In Sony Pictures Marvel superhero films, Morbius, (Jared Leto), is a compelling and conflicted character. The Oscar-winner Jared Leto transforms into the enigmatic antihero Michael Morbius. Dangerously ill with a rare blood disorder and determined to save others from suffering the same fate, Dr. Morbius attempts a desperate gamble. While at first, his research seems to be a radical success, a darkness inside him is unleashed. As the film progresses his existence is both extraordinary and tortured, which leads the filmmakers to consider new ways to express the character while remaining true to the inhuman, vampiric look of the character. To solve his inhuman, the filmmakers worked with the digital human experts, at the award-winning, Digital Domain.

 

Digital Domain began its work on Morbius by designing the final look for each character’s vampiric forms, with the goal of creating photorealistic, monstrous looks, without restricting them through the use of prosthetics or having the actors sitting in a makeup chair for hours each day. Despite having a rough idea of what the character Morbius should look like thanks to his comic origins, the final look still required countless tweaks to ensure everything fit the filmmakers’ vision — from the jagged teeth to the exact pigmentation in the skin. The vampire version of Michael’s brother Milo (Matt Smith) was also an original design, created by Digital Domain.

Container Ship Sequence Detailed Breakdown

Along with the work on the vampires, Digital Domain oversaw several action sequences throughout the film, including the container ship sequence that introduces audiences to Morbius’ vampiric nature for the first time.

 Facial animation: Fully Digital Michael/Leto

Joel Behrens, was the Visual Effects Supervisor at Digital Domain, and he worked closely with Matthew Butler, the client VFX supervisor, and the director Daniel Espinosa on makeup options and the issues that may come from practical makeup. Additionally, makeup can add to a face, but it is hard to make it appear to remove facial mass and make a face look gaunt. Morbius has much higher cheekbones, and sunken cheeks compared to actor Jared Leto.

The principal actors of the film were scanned in the USC ICT Light stage, with a full set of different lighting scenarios and a DI4D session, as is now fairly standard in DD’s pipeline. Not only did the team scan the actor’s faces but also their skull and head shapes, this was critical as the nature of the cinematography meant that the character would appear at times in silhouette. The team also moved inside the Light Stage to do detailed skin reflectance sampling for skin detail.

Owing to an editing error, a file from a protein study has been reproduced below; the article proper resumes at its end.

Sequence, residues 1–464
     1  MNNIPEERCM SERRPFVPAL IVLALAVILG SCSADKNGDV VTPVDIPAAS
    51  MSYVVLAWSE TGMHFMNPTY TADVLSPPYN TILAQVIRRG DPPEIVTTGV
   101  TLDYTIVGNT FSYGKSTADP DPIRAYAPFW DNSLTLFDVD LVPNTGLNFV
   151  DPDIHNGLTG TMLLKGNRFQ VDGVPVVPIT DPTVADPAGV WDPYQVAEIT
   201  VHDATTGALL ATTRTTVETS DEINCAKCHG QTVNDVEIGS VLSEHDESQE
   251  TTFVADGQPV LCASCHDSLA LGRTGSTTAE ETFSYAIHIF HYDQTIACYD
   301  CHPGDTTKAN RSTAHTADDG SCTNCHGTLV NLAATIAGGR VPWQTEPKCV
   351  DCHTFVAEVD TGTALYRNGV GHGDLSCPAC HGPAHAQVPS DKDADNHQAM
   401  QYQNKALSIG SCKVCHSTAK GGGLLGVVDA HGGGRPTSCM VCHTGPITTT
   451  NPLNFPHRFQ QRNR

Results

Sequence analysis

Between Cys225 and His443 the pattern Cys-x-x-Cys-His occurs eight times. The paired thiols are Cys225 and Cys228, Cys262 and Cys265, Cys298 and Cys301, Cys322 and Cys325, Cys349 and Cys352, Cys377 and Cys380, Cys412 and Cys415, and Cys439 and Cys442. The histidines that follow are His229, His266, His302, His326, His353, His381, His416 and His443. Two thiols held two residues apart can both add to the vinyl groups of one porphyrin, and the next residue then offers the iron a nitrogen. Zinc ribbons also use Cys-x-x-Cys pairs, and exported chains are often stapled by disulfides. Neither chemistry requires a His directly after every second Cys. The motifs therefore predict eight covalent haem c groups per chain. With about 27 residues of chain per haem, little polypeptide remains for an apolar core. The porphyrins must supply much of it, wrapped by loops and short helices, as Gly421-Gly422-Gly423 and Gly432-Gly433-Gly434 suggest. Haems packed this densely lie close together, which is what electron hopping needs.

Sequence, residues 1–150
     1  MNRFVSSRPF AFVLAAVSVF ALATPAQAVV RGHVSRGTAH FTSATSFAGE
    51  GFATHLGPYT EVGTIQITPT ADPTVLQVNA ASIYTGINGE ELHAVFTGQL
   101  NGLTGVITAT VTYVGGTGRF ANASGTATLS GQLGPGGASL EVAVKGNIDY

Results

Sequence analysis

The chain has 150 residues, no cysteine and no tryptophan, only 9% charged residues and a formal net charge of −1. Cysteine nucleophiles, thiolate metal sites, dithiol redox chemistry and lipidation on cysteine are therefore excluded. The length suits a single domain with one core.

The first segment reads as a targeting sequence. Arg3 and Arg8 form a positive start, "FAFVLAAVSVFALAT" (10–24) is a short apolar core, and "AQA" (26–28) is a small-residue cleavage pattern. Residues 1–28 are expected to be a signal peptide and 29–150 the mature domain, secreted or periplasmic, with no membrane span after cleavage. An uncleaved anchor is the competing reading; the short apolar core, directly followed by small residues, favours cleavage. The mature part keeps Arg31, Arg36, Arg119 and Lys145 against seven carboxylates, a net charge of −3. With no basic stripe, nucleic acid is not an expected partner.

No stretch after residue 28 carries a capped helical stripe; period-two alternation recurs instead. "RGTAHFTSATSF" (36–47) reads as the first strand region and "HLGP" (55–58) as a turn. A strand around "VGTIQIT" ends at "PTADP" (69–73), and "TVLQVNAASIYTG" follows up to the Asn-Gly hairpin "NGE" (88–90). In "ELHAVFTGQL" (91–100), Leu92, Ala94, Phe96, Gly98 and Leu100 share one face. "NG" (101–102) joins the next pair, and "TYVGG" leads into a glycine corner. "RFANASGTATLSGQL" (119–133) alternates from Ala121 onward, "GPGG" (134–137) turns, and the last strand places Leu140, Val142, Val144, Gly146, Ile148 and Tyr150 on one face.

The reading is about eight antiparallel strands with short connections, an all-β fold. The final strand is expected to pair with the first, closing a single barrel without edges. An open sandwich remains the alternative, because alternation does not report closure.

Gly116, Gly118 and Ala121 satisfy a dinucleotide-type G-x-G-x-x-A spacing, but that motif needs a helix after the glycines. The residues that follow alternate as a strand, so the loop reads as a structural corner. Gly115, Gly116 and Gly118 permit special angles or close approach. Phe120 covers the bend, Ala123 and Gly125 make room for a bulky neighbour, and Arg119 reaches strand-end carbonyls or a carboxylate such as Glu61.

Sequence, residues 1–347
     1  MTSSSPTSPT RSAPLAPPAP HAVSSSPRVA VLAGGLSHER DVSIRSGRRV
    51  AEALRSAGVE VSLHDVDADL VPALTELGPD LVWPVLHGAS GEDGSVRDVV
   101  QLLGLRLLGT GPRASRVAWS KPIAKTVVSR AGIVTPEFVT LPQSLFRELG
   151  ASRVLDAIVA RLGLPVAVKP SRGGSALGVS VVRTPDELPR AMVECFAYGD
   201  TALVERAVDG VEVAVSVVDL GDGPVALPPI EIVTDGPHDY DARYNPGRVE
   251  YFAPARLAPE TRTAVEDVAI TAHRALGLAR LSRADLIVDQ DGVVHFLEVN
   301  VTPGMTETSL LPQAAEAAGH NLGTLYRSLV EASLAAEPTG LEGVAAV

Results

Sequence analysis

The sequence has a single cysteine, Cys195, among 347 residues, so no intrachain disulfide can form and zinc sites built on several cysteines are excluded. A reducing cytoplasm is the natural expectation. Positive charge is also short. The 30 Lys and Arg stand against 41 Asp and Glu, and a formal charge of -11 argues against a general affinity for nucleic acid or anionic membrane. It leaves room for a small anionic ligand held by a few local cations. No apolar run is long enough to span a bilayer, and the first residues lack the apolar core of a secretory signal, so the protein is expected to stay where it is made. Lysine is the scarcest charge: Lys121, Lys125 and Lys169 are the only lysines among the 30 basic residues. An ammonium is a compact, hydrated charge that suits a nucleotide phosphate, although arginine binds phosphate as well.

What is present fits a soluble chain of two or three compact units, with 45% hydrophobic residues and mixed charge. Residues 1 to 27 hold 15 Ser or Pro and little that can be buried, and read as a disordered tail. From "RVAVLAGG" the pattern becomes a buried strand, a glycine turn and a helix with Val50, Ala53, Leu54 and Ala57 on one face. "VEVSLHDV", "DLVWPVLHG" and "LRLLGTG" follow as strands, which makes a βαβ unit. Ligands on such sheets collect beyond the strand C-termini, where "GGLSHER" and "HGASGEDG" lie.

Digital Domain’s Masquerade

In Morbius, the team did enjoy advances to Digital Domain’s facial capture software Masquerade, which allowed the team to record nearly double the geometry resolution and details used to create Thanos in the Avengers films, another character created by Digital Domain.  This was made possible by advances in the machine learning Digital Domain deployed as part of its facial capture pipeline. Fxguide has previously covered in-depth the proprietary Masquerade 2.0 tool that the team developed to produce their high-fidelity facial animation. Read our technical story on Masquerade here. 

“Masquerade is in a class of its own, and it gives filmmakers the ability to create better CG faces faster, without sacrificing the nuance and subtlety of the actor’s performance,” commented Butler. “It was already the most advanced tool of its kind when Digital Domain’s Digital Human Group developed it to create Thanos, and the version we used on Morbius is at least a generation more advanced.”

With the final look of each vampire determined, the stars performed their scenes live on set wearing facial capture markers. Each performer also recorded a full range of facial expressions and movements, in order to create a complete facial geometry for each subject. Following principal photography, several scenes were then later re-filmed on a motion capture stage, giving Director Daniel Espinosa the ability to adjust and fine-tune the monster performances as needed.

From there, artists were able to turn the high-resolution face model into a high-resolution, photorealistic digital character. When Morbius transforms, he becomes a 100% CG character. This required the artists to make the necessary adjustments to ensure that the CG version of the character was an exact match to the original subject’s performance, and details including all the nuances of skin and facial hair. In a fast-moving monster transition, there is no issue, but in closeup slow transitions, individual hairs can’t be seen to dissolve away, they need to match and grow or shrink. In fact, the studio did not initially want Morbius to have a beard as a monster, but it was decided that it would be too distracting to have Jared’s facial hair all contract into his face, so the digital Morbius was given matching facial hair. “We were asking ourselves what happens to the beard? Does it fall out? Does it like pull back in? Does it magically thin out?” recalls Behrens. “We went through some iterations of trying to figure out how that would work, but thankfully they were okay with us keeping a beard on the monster!”